FIG. 8 shows a cross sectional view of a housing for an overvoltage device such as overvoltage device 10, 10a, 10b etc. which can be stored at least partially in a housing. For example, this housing 300 can be placed above a circuit board 400 to keep the overvoltage device 10 from interfering with this circuit board. Leads 234 and 238 can be connected to conductive surfaces 14 and 24 at a first end and then run through holes 302 and 304 in housing 300 to connect to circuit board 400 at a second end. One of the benefits of this housing is that a spark gap that is created by two conductive surfaces and the spacing between these surfaces can arc in many different regions. If the arcing from the spark gap intersects or is close to a circuit board, this arcing could alter the characteristics of this circuit board 400. For example, if the surfaces of circuit board 400 or a section of a particular plastic housing are too close to the arcing, the they may be coated with carbon from the arcing and will start to lower the breakover voltage of the spark gap. The ways to control this arcing include as described above, providing an insulative coating over a portion of the conductive material, removing a portion of the electrode material from a particular edge of the MOV, using the housing as a blocking means or mechanism, or kinking the leads which are coupled to the conductive material away from the MOV body to prevent arcing between the leads.
In at least one embodiment the spark gap is set such that it has a threshold or breakover voltage of approximately at least 3000 volts. This breakover voltage is the voltage at which the spark gap becomes operational and transfers electric current from one conductive region such as conductive region 14 to another conductive region such as conductive region 24. In all of the above embodiments, the spark gap is designed to work in both directions, that is the arcing can originate from conductive region 14 and extend to conductive region 24, or work in the opposite direction wherein the arcing originates in conductive region 24 and extends over to conductive region 14.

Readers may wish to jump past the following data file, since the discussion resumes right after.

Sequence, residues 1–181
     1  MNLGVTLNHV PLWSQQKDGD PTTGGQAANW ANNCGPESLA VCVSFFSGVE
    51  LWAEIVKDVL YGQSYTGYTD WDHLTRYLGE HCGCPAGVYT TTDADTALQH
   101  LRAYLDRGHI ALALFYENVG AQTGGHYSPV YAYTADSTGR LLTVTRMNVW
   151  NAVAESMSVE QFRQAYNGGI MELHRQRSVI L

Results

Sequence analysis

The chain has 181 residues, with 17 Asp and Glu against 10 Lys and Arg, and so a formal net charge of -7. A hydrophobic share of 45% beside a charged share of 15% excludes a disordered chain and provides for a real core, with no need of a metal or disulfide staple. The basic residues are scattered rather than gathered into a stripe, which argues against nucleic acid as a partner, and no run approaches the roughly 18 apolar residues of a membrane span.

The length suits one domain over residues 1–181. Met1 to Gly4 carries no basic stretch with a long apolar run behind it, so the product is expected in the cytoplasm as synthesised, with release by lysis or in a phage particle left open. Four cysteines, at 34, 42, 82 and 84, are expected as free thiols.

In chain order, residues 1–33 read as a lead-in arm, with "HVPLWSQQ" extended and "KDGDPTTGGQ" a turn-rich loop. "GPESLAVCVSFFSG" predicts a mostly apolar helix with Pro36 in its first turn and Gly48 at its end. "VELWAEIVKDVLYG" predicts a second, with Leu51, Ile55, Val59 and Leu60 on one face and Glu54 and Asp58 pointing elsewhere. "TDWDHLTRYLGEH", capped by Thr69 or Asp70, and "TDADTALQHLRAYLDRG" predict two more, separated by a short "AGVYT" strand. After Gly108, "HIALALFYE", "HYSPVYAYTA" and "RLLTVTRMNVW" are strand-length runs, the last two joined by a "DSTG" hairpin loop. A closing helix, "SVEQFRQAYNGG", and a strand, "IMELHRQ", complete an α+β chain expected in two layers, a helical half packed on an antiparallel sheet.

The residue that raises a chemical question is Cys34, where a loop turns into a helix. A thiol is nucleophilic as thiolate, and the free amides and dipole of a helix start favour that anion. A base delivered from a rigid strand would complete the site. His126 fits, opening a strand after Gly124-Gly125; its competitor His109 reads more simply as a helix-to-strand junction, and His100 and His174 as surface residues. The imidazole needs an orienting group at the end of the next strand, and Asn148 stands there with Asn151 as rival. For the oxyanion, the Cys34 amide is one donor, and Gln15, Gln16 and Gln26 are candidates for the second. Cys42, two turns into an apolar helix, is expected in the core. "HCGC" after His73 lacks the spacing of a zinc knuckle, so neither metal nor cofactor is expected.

Accordingly, while only a few embodiments of the present invention have been shown and described, it is obvious that many changes and modifications may be made thereunto without departing from the spirit and scope of the invention.
Patent applications by David Y. Chan, Bellrose, NY US
Patent applications by John J. Power, Westbury, NY US
Patent applications by LEVITON MANUFACTURING COMPANY, INC.
Patent applications in class Transient responsive
Patent applications in all subclasses Transient responsive